FILE - This July 16, 2004, file photo, shows a gray wolf at the Wildlife Science Center in Forest Lake, Minn. Wildlife officials in Wisconsin were set Wednesday, Aug. 11, 2021, to consider adopting a 130-animal limit for the state's fall wolf hunt, saying they want to protect the population after hunters killed scores more wolves than they were allowed during a rushed spring season. (AP Photo/Dawn Villella, File)

Wisconsin sets 300-wolf limit after runaway spring hunt

Wisconsin sets 300-wolf limit after runaway spring hunt

Wisconsin sets 300-wolf limit after spring hunt

MADISON, Wis. (AP) — Wildlife officials in Wisconsin set a 300-animal limit Wednesday for the state’s fall wolf hunt, exceeding biologists’ recommendations as they study the impact of a rushed spring season that saw hunters take almost twice as many wolves as allotted.

State Department of Natural Resources scientists asked its policy board to cap kills at 130 animals, saying board members must be cautions because the four-day season in February took place during wolves’ breeding season and the long-term ramifications on the population are unknown.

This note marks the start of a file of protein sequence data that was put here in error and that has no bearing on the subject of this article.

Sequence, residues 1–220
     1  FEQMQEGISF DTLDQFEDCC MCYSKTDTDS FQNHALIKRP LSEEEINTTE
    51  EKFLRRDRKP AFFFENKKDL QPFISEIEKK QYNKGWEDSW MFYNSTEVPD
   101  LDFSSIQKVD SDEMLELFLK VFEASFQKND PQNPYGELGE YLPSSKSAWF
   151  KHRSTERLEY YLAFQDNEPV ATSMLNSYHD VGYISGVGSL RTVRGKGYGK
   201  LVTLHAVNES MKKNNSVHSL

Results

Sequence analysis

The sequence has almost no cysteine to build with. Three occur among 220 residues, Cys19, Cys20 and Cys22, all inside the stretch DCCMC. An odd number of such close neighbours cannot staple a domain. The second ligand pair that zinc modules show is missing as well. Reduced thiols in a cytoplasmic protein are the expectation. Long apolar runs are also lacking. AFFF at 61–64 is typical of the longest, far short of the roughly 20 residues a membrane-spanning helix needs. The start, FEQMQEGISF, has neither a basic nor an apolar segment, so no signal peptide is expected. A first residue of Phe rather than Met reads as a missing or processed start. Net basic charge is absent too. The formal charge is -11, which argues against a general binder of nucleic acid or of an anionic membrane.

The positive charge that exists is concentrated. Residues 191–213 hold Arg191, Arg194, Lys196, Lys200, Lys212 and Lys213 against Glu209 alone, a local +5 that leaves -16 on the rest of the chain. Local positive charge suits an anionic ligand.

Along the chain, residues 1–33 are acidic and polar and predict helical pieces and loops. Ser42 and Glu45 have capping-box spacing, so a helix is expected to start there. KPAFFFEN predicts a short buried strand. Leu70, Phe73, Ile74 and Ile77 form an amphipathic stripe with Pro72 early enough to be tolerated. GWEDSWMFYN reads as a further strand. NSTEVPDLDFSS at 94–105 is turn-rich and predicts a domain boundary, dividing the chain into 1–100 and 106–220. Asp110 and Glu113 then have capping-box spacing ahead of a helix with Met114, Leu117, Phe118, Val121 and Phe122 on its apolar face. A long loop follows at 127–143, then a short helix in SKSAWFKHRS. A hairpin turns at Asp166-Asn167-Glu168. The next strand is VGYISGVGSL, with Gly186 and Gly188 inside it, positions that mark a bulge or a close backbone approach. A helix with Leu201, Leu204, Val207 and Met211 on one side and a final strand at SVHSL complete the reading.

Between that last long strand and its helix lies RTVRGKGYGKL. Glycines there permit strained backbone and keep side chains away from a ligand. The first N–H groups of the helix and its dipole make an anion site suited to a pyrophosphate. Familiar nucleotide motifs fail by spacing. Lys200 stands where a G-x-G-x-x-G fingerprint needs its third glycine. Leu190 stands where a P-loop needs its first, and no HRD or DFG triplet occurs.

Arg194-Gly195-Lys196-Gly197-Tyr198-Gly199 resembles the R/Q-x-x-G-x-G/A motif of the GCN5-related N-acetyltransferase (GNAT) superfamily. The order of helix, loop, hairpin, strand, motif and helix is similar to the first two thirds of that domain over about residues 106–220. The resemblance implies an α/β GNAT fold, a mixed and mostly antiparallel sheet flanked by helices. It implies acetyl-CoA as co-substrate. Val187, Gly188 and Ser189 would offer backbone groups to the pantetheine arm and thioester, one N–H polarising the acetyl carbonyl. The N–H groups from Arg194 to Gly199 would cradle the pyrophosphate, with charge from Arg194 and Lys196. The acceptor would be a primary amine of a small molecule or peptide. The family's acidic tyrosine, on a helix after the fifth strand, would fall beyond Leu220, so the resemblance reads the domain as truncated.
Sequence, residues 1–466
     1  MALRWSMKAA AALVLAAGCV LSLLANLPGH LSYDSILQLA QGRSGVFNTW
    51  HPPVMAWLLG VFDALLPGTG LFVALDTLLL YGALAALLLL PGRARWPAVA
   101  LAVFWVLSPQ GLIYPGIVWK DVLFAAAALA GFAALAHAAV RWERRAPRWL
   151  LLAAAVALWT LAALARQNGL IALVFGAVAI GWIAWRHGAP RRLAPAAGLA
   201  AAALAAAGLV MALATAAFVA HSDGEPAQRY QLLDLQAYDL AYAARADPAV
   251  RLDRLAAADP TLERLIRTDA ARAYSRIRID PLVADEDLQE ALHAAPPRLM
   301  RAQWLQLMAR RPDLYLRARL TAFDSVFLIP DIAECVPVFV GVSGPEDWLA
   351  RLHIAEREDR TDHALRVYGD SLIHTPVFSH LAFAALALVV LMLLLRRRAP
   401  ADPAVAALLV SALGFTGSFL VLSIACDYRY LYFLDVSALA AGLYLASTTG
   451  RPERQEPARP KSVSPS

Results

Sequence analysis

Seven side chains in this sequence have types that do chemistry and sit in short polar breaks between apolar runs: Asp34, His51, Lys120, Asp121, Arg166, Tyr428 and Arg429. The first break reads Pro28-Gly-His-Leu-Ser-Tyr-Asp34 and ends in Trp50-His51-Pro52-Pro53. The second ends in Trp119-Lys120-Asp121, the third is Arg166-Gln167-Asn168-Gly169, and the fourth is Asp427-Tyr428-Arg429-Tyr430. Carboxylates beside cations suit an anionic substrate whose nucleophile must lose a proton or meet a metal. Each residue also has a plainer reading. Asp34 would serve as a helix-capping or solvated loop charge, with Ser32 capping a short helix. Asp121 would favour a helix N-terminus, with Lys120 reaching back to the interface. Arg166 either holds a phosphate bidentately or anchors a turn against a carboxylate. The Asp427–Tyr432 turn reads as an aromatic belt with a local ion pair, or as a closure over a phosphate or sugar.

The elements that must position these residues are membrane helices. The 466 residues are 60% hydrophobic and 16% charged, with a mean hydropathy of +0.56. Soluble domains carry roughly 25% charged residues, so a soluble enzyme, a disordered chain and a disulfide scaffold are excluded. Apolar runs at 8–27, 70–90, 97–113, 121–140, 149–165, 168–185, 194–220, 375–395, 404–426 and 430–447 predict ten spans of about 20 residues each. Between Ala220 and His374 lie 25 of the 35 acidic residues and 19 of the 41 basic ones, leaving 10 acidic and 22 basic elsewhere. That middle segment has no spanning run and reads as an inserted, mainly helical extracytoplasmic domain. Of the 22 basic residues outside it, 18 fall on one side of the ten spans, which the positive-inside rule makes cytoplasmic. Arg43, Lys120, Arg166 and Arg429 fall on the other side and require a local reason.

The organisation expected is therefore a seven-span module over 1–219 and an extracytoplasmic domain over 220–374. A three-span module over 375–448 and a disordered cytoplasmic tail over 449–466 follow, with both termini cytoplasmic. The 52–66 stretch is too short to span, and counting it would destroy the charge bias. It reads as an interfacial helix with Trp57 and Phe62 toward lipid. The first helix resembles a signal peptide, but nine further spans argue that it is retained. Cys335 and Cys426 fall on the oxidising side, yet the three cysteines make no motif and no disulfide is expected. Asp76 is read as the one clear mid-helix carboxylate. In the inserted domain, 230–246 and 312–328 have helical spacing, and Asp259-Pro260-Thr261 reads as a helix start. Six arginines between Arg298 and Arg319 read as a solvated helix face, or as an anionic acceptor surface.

But conservative-leaning members of the board countered that the population is still well above the DNR’s goal of 350 animals and they have a responsibility to manage the pack and protect livestock from wolf attacks. The board ultimately voted 5-2 to set aside the department’s recommendation and up the quota to 300 animals.

“The department can’t go against the management plan now of 350,” board member Greg Kazmierski said. “We are stuck with the plan in front of us today. We need to show we’re trying to move toward that goal. If we don’t, we can throw out all the management plans in the state because we don’t need them.”

The working quota for state-licensed hunters will almost certainly be less than 300, however. The state’s Chippewa tribes are entitled to claim up to half of the quota under treaty rights dating back to the 1800s. The Chippewa consider wolves sacred and refuse to hunt them. If the tribes claim their full half of the quota, state-licenses hunters will be allowed to kill only 150 wolves.

The vote marks another testy chapter in what has becoming a bitter saga over wolf management in Wisconsin. The animal has made a remarkable comeback in the state — the DNR’s latest estimates from the winter of 2019-2020 put the population at around 1,000 animals statewide. The department’s management plan, adopted in 1999, sets out a population goal of 350.

As more wolves have appeared on the landscape conflict over how to handle them have only intensified.

Farmers and residents across northern Wisconsin say wolves are menacing their pets and livestock and hunting is the only way to control them.